5 comments:

Amelia said...

What about your fabulous new garden plot? I remember in one of your posts some one (your tractor guy maybe?) foretelling it to be a revenue maker sized garden, or something like that. Don't know what the small agriculture scene is like up there, but around here, organic is it, and the Farmer's Market is so crowded that I avoid it, and hit smaller roadside stands. Any who, just a thought.

Amelia said...

Oh, and I love that you used the term "curious" about what this chapter holds. When I can hold my daily panic at bay (it's become an old friend by now, familiar like a well-worn pair of sneakers) that's how I feel about this newly opening chapter of our lives too. When I'm not panicking. Which I, too, realize is a spectacular waste of time.

Jj Starwalker said...

Amy, thanks, I did forget to mention the garden, though it is in my mind... not as a solid entity yet, though. A "first year" garden -- which is what this is, we had the tractor guy plow up the lawn last fall -- is a coin toss at best. I am pretty sure I can more than feed US, and I am thinking larger than that, and planning to do a lot of talking with my friend Robin who currently makes a living on less tilled acres than I have under cultivation, but not sure how much it will factor in THIS year.

I will investigate farmers markets, but, as one of my farming friends noted "babysitting a parking lot" takes time away from being in the garden and with all my other activities that may not be a good use of time. Using my other skills to promote a "farm stand" where I can sell the produce, hex signs (and I am looking at places to consign them elsewhere, associated with farmers markets also, as I think they are a natural thing by association, though many farmers markets don't allow non-farm crafts (like I could do herb wreaths, but not stuff that isn't grown) any maybe other "small indulgences" that may or may not be a slight extension of a need -- like handmade soap with my locally grown herbs in it.

I AM in a place where I COULD become a certified kitchen, too and that has crossed my mind (more once the fruit is bearing than say with baked goods, though that is an idea too...)

Thank you for your feedback. One of the reasons I wrote this and posted it here was that I was sure that readers' comments would spark other ideas. The other main reason is, of course, that writing lets me see better!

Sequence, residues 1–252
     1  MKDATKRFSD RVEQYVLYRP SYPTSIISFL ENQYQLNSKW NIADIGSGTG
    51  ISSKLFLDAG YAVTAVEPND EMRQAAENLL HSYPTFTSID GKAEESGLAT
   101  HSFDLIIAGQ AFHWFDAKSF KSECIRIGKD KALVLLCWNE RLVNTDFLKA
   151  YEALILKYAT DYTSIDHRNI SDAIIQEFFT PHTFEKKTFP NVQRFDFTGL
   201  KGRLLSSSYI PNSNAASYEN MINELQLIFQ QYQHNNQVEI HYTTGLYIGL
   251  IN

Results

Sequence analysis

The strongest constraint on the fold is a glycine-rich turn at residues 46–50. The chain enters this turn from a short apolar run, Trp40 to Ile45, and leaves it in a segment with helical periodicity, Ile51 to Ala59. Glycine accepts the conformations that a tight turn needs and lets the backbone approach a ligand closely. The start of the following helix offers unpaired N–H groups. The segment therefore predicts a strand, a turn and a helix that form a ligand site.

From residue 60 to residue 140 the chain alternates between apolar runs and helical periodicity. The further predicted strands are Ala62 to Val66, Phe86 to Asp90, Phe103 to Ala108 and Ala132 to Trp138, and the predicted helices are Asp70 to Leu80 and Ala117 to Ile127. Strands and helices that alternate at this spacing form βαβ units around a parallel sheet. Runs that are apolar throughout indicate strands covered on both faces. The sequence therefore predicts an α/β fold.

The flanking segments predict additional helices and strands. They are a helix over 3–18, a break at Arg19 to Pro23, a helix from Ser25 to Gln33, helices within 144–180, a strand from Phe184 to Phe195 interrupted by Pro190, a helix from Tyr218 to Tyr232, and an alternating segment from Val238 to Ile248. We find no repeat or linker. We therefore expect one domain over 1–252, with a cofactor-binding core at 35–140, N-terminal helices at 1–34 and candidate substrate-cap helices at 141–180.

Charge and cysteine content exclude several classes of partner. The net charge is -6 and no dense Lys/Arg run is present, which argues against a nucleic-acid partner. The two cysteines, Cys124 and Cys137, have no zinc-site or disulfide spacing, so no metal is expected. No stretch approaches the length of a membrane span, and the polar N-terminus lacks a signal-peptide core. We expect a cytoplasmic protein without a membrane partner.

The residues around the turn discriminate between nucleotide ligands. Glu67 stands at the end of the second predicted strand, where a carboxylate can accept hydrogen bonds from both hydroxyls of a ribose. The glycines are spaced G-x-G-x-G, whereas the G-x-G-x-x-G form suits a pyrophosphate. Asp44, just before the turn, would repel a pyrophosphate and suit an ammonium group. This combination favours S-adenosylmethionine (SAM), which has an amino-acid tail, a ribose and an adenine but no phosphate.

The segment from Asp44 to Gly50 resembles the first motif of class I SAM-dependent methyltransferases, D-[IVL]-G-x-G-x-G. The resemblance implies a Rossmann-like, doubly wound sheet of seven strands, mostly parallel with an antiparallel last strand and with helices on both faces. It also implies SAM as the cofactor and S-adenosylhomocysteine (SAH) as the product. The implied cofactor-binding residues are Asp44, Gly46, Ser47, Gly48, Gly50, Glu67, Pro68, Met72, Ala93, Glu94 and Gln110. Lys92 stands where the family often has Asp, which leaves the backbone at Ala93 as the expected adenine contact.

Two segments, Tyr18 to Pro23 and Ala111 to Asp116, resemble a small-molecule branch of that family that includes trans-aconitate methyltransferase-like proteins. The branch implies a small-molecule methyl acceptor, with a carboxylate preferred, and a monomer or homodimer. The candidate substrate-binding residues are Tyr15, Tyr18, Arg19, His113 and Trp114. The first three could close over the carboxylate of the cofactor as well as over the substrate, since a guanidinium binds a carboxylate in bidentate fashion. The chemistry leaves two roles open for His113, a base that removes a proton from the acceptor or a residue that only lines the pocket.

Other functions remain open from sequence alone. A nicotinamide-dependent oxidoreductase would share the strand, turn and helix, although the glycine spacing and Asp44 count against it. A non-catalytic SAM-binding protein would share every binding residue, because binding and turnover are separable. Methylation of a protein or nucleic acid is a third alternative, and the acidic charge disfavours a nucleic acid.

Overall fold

Clare said...

Jj,
Sending you good thoughts. Just wanted to pass along this online self published tool called CreateSpace, which I believe is through Amazon. Anyway, I know about it through this link where she published her craft book. It looks quite professional, and since books are printed as they are ordered, the outlay of cash is not prohibitive. Food for thought.
Take care.... Clare
https://www.createspace.com/3355820

Jj Starwalker said...

Thanks, Claire! I'll look into it.

I am pretty familiar with Lulu.com; friends have published books there and I helped with the layout of one of them.

I spent today roughing out an article aimed at the myriads of first-year gardeners out there, to help them succeed and realize, as well, that "success" with gardens is a relative term, so as to help them do better this year and no matter what, try again next year as well.

And I ordered a copy of 2008 Writer's Market -- a year outdated but I can confirm info on the net and at 1.99 in Alibris.com (about $5 with shipping) it's in the budget. My local library (first visit today) is VERY sad. Tiny, lots of ancient books, and NO inter-library loan (though to their credit they are considering it... again... after problems with patrons not being prompt in the past.)

In truth I could FIND all that same info on the net, but it is much easier for me to organize my thinking and planning using post-its and a "real" book! Color me old fashioned.

Readers...